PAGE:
US wants to reopen embassy in Libya

The United States wants to reopen an embassy in Libya - a decade after suspending operations there – as Russia maintains an influential foothold in the country.

In the State Department’s fiscal year 2025 request, the agency asks for $12.7 million “to enable a potential resumption of embassy operations in Libya, providing operational expenses for a planned Diplomatic Travel and Support Operations Facility as well as increased utilization of dedicated aircraft stationed in Malta for flights to Tripoli.”

“With Russia’s influence rising on NATO’s southern flank, U.S. presence with trips into Libya is vital to preserving our long-term security interests,” the budget request states.

A State Department official said Monday that the US is in “active negotiations for an interim facility that would provide appropriate security and staffing support” in the capital city of Tripoli.

The move to reopen a US diplomatic compound in Libya comes as Moscow holds significant influence in the country.

“[A] number of countries are at the tipping point of actually being captured by the Russian Federation as they are spreading some of their false narratives across Libya and from a strategic answer piece, access and influence across the whole Maghreb,” Marine Corps Gen. Michael Langley, the head of US Africa Command, warned last week. “That is NATO’s southern flank. We need to be able to have — maintain access and influence across the Mahgreb, from Morocco all the way to Libya.”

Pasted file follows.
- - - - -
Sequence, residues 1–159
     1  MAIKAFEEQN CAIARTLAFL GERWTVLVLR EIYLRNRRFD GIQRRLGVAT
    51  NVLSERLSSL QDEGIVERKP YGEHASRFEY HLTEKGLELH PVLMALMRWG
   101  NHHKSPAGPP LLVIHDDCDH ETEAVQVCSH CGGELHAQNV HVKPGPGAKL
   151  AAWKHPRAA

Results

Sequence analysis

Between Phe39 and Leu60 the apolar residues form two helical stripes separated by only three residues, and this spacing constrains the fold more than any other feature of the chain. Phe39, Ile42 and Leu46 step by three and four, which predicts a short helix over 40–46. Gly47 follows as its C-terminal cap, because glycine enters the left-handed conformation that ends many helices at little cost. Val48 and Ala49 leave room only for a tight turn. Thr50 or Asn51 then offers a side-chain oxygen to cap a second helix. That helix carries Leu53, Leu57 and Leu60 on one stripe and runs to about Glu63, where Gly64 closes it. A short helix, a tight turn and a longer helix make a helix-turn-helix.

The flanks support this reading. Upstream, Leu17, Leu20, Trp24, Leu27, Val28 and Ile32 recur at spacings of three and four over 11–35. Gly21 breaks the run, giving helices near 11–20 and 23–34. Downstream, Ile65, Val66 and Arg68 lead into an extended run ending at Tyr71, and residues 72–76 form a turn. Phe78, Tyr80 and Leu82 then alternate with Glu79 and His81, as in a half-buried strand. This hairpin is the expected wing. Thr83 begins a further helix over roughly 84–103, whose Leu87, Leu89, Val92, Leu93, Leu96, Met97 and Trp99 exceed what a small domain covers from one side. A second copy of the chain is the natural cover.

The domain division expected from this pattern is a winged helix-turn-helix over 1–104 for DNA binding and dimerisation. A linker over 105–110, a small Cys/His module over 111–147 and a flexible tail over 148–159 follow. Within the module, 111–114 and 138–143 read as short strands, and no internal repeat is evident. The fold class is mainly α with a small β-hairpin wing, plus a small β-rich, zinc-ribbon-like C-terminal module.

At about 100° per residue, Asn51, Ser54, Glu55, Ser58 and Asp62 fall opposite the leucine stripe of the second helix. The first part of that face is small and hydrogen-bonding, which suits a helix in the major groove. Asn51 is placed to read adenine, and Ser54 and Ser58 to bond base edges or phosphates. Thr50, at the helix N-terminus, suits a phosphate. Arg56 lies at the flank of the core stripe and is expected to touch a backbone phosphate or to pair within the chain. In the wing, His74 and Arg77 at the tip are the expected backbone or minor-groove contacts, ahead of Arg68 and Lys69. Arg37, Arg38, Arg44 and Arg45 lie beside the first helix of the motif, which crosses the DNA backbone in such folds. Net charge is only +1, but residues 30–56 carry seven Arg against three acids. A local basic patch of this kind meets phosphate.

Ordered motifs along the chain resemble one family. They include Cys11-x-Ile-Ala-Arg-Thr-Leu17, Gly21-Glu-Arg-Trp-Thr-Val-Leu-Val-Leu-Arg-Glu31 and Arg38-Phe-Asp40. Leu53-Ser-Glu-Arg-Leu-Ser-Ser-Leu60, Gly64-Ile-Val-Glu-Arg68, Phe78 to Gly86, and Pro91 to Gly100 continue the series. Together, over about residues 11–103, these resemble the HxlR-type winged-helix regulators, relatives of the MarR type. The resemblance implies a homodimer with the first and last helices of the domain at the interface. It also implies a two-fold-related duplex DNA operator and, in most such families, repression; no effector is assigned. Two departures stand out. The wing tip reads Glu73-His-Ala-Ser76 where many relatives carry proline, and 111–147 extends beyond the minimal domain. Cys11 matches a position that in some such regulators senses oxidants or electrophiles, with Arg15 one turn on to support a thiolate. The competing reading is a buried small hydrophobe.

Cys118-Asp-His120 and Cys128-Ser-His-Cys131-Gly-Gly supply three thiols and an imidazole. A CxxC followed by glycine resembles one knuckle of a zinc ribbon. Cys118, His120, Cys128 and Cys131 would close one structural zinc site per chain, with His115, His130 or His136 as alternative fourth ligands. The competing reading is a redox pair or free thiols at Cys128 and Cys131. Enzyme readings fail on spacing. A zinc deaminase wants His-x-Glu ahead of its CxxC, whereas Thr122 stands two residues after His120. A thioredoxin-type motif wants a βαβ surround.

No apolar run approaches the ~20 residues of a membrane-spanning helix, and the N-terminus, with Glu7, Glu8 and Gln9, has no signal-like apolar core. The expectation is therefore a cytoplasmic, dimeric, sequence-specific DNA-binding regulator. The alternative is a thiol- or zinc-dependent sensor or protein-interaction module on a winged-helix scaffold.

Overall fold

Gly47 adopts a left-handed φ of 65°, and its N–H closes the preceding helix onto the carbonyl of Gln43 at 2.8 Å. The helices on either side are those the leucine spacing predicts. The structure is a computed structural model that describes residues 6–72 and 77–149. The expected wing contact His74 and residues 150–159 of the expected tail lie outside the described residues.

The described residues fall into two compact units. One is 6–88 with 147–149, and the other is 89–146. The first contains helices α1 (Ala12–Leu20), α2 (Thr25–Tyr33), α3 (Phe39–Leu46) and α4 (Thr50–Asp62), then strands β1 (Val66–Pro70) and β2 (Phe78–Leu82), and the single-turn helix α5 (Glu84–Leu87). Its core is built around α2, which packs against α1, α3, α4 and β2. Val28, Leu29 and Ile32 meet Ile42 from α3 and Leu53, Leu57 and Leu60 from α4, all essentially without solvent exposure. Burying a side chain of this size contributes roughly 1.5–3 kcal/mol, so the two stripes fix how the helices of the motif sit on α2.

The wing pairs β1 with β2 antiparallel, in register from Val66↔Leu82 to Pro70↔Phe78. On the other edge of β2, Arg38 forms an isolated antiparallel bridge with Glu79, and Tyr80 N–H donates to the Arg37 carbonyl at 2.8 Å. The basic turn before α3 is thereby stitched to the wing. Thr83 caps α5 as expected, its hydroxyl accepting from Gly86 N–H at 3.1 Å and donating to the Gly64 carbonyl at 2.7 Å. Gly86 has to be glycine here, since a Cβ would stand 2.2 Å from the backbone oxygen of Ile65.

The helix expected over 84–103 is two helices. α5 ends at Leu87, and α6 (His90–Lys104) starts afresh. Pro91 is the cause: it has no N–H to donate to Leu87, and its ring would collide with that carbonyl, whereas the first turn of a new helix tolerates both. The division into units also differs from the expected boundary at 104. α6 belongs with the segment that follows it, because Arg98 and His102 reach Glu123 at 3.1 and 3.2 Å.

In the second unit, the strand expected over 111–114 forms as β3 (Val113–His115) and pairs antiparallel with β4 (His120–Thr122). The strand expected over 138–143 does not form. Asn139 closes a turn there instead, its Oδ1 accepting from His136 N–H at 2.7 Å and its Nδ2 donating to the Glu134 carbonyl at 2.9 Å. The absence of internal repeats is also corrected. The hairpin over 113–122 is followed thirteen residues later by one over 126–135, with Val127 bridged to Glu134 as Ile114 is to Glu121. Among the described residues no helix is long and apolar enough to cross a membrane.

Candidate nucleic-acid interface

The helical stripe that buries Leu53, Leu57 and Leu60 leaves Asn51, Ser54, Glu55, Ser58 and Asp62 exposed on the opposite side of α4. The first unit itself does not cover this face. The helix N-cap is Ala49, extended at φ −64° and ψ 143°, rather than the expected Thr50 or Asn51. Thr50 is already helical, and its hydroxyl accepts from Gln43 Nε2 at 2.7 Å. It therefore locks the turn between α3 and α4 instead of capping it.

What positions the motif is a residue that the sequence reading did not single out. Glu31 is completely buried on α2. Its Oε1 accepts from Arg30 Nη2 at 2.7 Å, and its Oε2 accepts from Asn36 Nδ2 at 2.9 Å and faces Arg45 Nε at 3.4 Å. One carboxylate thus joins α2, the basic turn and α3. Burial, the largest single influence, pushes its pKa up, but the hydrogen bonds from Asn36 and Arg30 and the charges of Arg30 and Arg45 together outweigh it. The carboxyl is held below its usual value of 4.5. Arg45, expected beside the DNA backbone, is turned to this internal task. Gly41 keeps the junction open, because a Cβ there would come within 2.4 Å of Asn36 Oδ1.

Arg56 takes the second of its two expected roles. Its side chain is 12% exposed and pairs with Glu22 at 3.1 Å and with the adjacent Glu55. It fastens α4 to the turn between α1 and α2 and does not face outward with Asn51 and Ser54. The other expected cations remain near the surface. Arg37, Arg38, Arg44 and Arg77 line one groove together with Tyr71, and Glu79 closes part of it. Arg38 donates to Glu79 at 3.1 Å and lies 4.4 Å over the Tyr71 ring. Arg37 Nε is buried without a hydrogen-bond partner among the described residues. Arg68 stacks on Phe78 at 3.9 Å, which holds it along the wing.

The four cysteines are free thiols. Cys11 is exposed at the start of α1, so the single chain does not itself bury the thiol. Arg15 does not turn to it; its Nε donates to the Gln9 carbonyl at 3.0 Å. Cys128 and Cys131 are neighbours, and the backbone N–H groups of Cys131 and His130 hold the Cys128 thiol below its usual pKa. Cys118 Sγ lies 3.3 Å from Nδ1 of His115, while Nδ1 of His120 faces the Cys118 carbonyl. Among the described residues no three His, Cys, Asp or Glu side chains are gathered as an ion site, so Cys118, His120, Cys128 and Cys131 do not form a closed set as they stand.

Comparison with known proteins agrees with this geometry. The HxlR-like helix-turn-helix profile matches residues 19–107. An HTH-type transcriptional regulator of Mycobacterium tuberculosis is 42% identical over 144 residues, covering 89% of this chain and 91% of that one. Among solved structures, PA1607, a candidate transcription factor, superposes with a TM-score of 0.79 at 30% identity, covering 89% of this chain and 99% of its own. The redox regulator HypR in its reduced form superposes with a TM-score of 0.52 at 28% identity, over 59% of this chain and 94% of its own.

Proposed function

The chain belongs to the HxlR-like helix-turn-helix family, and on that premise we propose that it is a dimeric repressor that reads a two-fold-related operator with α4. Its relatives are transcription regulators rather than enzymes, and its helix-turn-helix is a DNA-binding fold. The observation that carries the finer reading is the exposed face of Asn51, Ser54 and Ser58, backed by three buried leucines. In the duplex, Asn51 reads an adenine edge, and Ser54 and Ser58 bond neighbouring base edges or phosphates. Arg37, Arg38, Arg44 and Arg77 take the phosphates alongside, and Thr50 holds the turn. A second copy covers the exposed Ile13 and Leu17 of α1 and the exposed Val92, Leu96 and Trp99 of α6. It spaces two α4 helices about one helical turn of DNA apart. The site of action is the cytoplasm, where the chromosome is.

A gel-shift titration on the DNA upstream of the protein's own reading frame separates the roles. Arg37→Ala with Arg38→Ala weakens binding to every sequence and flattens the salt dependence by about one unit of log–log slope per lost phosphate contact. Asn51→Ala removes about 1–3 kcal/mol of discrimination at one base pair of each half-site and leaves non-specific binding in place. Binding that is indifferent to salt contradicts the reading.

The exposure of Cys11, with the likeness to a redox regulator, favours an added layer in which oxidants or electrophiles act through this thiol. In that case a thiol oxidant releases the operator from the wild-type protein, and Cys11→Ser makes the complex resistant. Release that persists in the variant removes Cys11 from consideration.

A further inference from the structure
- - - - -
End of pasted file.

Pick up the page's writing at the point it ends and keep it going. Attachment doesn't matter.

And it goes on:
Secretary of State Antony Blinken noted in a statement Monday that the budget also requests “$3.9 billion for Diplomatic Security and related programs will protect U.S. diplomatic operations abroad, including our expanded presence in the Indo-Pacific, Libya, and Eastern Caribbean.”

The embassy in Tripoli suspended operations in July 2014 due to civil unrest, roughly two years after the attack on US facilities in the Libyan city of Benghazi. Ambassador J. Christopher Stevens and three other Americans were killed in that attack.

The US continues to advise citizens not to travel to Libya “due to crime, terrorism, civil unrest, kidnapping, and armed conflict.”

CNN’s Haley Britzky contributed reporting.

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